Martinez, clearly recognizing the stakes, threw a mix of pitches that culminated with a fastball in the low 90s. Jones struck out looking.

Just as I was sighing relief, I remembered that the next batter was the other Jones of the Braves: Andruw . . . with one of the best batting percentages in the National League . . . who's hit 50 homeruns so far this year. Pedro's solution? Again, a brilliant array of pitches that concluded with a 77 mph curveball that puzzled the power hitter. Andruw went down with a half swing. The word "magnificent" was invented for just such a performance. But it wasn't over.

Things got tense moments later when Adam LaRoche--whose three previous plate appearances accounted for 3 of Pedro's 10 strikeouts on the night--walked to load the bases. But with his 122nd pitch of the game, Martinez managed to get Jeff Francouer to fly out to left. Just like that, it was over.

We had watched as Pedro Martinez racked up his 17th career shutout, surpassed 200 strikeouts on the season, and moved into 14th place among all-time strikeout leaders. And it didn't rain a drop.

Tuesday, September 13, 2005

J. I. Packer

"We do not start our Christian lives by working out our faith for ourselves; it is mediated to us by Chrisitan tradition, in the form of sermons, books and established patterns of church life and fellowship. We read our Bibles in the light of what we have learned from these sources; we approach Scripture with minds already formed by the mass of accepted opinions and view points with which we have come into contact, in both the Church and the world. . . . It is easy to be unaware that it has happened; it is hard even to begin to realize how profoundly tradition in this sense has molded us. But we are forbidden to become enslaved to human tradition, . . . We may never assume the complete rightness of our own established ways of thought and practice and excuse ourselves the duty of testing and reforming them by Scripture." Posted by Picasa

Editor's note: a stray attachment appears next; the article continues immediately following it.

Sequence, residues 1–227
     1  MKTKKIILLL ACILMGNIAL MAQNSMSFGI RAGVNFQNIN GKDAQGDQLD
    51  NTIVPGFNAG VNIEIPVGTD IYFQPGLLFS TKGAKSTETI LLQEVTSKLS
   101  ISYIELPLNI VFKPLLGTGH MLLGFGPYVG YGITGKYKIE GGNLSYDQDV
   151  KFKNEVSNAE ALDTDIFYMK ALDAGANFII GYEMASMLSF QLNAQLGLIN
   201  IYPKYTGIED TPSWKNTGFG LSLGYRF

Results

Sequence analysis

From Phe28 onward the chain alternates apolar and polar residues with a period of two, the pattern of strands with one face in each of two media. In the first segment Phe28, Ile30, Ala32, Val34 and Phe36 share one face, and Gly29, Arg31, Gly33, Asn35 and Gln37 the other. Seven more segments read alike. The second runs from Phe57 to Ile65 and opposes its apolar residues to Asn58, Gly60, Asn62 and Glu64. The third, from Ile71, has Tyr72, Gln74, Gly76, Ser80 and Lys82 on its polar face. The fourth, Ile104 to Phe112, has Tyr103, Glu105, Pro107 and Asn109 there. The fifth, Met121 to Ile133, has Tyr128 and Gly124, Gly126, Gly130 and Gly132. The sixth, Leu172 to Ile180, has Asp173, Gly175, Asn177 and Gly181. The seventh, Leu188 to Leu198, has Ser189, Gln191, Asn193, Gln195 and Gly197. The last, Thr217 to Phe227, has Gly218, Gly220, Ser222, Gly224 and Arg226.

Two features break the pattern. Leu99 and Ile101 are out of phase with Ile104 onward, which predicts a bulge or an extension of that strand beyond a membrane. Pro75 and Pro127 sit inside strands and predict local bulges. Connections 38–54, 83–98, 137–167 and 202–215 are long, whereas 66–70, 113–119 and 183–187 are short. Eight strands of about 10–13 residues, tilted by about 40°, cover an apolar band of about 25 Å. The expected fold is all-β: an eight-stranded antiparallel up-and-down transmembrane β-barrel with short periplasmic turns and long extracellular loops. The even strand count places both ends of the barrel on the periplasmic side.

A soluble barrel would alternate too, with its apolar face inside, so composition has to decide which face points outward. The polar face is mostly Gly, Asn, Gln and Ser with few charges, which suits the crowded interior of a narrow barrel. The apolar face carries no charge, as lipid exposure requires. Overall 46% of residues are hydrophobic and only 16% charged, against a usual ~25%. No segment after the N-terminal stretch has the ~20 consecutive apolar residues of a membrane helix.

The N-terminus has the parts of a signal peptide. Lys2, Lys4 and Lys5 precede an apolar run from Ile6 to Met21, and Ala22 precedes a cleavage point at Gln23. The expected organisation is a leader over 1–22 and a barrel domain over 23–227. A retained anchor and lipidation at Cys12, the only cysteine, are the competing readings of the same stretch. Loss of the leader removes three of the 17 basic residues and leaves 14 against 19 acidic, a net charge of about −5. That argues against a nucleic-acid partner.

Monday, September 12, 2005

View of the Brooklyn and Manhattan Bridges from the South Tower of the World Trade Center. Photo courtesy of Christopher Evans. Story in previous post. Posted by Picasa

Sunday, September 11, 2005

Memories from September 11, 2001

As we were learning the terrible truth on the morning of September 11, 2001, there was one person I especially wanted to see: my daughter Chloe. She wanted to see me too.

When she came in from school later that afternoon, our sad eyes met. We stayed in that mutual gaze for a long time, both of us knowing exactly what the other was thinking.

Living less than a hundred miles from Manhattan, day trips into "the City" are easy to do and always promise an adventure. Earlier in June of that year, Chloe and I had spent one such day together, just the two of us.

On the train ride down that morning, she told me she was really interested in a visit to Ellis Island. She'd been reading about immigrants who came through there. She wanted to know what they once saw, to imagine how they must have felt. Some of them were Bellizzis.

I thumbed through my guide to New York and realized that we weren't going to be able to make it out to Ellis Island that day. I had scheduled a short appointment with a professor at New York University, hoping to set up a plan to read Classical Hebrew there maybe one day a week. It would be expensive, I thought. But on my day off I could enjoy two loves of my life; New York and Old Hebrew. Besides, going through a terrible divorce, I was pretty desperate for something that would help me to feel happy again. No Ellis Island that day, I told Chloe.

I knew she was disappointed. So I promised her that once we'd gotten my meeting out of the way, she could call the shots. I'd be willing to spring for almost any adventure. But it would have to be in Manhattan.

She hadn't imagined an alternative, and wanted to know what I thought would be a fun Plan B. So I started to ask . . .

The Museum of Natural History? Um. No.

(joking) The American Numismatic Society? Lots and lots of ancient coins! Nobody wants to go there except you, Dad.

I bet my teacher, Dr. Oster, would go with me. Then call him.

A few bookstores? (getting irritated) Dad!

Okay, sorry. I know! How 'bout the World Trade Center? What can you do there?

I'm not sure, exactly. (looking it up in the guide) But we could go to the top. Says here that they have places to eat. There's a glassed-in observation deck, and you can take an escalator up to the roof.

(looking at the pictures and starting to smile) Okay. Let's do that.

After the train stop and our walk through Grand Central, we took the subway headed south. Having made it to lower Manhattan, we meandered around in Washington Square Park talking. Then it was over to my appointment, which was over soon enough.

As we stepped out of the office building, I wanted to be sure we'd have enough time that afternoon. So I decided to spend the extra money for a cab instead of the subway. Within a few minutes, the driver was dropping us off so close to the buildings that we couldn't see their tops from inside the car.

Looking at the World Trade Center was sort of like looking at the Grand Canyon. You wondered, "Is it bigger or smaller than it seems?" You also wondered, "How was this ever made?" There on the street, most everything was gray, the sunlight blocked by the shadows of the towers. Even the bright signs had a bit of a pall.